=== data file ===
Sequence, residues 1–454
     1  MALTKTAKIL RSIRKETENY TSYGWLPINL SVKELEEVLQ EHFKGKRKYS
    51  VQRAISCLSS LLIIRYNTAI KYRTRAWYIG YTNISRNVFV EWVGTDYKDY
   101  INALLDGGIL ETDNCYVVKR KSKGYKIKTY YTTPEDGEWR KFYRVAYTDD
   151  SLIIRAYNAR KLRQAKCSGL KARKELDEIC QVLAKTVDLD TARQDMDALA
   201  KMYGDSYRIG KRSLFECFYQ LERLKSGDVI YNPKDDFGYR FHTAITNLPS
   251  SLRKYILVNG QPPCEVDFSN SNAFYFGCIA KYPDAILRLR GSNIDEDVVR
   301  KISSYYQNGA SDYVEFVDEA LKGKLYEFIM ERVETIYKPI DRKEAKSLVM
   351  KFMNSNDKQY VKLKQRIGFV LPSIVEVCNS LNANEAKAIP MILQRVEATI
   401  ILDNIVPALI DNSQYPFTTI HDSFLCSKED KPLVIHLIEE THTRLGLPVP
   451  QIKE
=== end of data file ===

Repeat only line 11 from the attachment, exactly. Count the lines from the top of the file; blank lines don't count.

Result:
   451  QIKE